“Harvest: A Time of Fulfillment,” Ensign, Aug. 1980, 61
The air is calmer today outside my study window, a relief from last week’s wind. The Virginia creeper is turning red and gold, the crab apples are yellow, and the yard is trimmed and ready for winter. I have always loved fall.
The past few weeks I have been preoccupied with my Relief Society lesson on “life stages”—our growth from childhood through old age, and our feelings toward each stage. I fall into the category of middle years. Fall reminds me of this stage—calm, aware of life and color, appreciating the beauty and miracle around me. It is a harvest, in a way, of the earlier years, with wonderful children, grandchildren, and friends to enjoy, more time for reflection, more time for self.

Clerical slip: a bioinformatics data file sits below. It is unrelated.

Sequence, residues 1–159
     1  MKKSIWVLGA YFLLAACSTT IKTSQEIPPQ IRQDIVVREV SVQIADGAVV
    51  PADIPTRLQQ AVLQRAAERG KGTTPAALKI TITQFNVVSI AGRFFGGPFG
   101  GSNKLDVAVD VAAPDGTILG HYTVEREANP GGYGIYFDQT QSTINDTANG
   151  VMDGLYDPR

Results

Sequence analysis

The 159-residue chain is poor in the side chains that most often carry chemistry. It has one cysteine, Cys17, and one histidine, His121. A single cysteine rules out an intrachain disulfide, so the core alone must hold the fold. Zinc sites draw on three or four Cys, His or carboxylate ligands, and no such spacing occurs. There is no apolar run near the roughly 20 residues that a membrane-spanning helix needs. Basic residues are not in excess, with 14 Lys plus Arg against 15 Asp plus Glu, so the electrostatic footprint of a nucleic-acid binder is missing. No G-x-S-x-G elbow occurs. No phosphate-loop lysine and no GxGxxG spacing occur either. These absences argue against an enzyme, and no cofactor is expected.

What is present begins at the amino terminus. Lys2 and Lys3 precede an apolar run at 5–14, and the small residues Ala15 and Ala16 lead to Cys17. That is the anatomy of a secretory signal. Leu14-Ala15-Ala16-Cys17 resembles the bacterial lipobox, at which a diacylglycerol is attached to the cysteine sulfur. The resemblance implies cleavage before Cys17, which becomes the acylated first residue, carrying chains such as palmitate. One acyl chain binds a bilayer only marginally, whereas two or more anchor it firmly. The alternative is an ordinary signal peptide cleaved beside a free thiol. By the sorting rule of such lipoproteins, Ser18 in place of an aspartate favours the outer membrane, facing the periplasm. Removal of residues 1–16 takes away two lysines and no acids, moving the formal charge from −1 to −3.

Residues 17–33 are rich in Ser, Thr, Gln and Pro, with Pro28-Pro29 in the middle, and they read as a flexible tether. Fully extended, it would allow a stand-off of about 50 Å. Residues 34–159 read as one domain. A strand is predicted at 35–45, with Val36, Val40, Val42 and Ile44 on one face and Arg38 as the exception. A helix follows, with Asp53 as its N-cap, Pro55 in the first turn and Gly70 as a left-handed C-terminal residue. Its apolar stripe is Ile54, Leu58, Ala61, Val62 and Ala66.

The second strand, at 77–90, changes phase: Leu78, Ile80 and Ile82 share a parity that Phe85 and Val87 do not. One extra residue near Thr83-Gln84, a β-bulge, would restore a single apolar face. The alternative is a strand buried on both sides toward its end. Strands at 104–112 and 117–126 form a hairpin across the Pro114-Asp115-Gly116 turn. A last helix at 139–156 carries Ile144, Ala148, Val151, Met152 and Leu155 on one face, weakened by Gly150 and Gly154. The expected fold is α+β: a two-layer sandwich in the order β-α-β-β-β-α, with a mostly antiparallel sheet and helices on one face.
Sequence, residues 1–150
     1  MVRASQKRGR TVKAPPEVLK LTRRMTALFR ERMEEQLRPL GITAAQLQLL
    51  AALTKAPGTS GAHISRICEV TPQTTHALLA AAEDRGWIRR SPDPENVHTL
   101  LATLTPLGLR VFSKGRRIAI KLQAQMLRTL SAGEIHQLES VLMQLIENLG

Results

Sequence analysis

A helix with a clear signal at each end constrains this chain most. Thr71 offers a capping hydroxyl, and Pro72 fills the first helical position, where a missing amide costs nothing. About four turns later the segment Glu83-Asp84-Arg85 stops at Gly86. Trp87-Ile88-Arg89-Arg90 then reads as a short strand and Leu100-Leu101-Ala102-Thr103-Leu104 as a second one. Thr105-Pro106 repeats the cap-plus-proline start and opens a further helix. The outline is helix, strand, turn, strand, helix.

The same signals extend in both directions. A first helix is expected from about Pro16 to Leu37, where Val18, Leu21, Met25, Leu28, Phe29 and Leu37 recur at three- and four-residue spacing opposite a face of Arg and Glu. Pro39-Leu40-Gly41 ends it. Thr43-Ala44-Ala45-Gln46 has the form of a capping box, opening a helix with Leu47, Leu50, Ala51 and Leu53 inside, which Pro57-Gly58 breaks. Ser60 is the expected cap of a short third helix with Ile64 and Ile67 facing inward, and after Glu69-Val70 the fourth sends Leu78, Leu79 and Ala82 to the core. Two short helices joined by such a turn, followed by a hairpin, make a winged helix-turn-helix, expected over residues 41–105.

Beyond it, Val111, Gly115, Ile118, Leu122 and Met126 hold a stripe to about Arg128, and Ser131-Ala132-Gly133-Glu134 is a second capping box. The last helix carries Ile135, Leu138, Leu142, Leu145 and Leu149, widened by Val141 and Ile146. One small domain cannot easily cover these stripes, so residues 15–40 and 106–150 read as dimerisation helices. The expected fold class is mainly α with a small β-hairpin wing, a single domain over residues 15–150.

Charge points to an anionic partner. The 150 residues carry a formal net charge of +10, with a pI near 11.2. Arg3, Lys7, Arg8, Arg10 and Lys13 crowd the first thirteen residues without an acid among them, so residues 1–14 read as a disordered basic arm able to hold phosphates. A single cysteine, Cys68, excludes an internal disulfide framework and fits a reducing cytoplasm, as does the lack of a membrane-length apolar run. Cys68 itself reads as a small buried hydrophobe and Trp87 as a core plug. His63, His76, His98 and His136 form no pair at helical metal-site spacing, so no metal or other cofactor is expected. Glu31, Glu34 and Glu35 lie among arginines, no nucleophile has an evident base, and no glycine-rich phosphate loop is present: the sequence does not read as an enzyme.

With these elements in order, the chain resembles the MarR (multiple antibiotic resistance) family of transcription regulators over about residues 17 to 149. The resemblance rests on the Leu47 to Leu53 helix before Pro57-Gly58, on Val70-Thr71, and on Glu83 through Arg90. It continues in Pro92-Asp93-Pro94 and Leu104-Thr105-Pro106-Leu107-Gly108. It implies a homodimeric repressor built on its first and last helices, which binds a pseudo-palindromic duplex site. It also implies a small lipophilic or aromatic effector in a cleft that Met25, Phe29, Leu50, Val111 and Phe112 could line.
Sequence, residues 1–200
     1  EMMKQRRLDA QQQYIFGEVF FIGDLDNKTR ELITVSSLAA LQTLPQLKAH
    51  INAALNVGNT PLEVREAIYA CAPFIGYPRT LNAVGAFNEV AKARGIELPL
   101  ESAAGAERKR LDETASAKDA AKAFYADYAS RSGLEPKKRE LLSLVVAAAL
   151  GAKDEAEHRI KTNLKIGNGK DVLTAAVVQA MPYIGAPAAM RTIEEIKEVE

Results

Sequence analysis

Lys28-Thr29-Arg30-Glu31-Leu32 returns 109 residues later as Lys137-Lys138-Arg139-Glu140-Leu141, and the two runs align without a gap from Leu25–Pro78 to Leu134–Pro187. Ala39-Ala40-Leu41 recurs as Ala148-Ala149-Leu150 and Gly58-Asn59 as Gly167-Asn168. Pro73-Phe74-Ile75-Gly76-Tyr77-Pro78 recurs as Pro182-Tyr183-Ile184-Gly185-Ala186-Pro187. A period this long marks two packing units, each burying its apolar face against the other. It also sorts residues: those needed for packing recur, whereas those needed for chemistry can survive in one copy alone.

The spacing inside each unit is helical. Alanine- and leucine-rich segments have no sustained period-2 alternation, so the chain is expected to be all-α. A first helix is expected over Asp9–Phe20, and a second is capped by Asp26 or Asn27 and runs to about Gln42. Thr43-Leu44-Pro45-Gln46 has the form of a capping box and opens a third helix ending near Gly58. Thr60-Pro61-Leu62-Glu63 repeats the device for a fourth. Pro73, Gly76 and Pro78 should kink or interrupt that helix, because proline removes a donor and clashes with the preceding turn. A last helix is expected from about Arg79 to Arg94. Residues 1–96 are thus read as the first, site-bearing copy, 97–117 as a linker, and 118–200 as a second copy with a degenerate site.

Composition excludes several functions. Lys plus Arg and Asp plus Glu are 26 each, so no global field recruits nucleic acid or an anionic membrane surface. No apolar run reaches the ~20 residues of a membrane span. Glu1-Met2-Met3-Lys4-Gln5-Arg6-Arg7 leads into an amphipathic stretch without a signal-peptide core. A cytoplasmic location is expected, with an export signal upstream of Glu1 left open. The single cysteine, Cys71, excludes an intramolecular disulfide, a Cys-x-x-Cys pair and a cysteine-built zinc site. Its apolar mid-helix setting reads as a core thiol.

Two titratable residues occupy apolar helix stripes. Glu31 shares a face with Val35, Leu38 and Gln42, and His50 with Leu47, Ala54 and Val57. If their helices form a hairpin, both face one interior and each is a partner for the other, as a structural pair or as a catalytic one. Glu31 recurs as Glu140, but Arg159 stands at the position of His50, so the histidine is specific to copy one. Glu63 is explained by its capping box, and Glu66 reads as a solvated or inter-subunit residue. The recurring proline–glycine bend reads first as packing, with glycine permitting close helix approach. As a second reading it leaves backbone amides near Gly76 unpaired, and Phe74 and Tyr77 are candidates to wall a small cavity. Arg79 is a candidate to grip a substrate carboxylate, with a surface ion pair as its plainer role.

Now what do I say about it to all those ladies? Can I share my love and appreciation for life without exposing delicate feelings? Should I do a brave performance, or can I just be me? I do not want to be analyzed or judged, but I have finally come to the conclusion that being me is okay. I am not perfect, but I do not expect others to be perfect either. I find I am now less critical and more loving.
I like being where I am. I am thankful for all the blessings of fall—the golden leaf, the last rose, and especially family and friends.—Colleen Poulson, Salt Lake City, Utah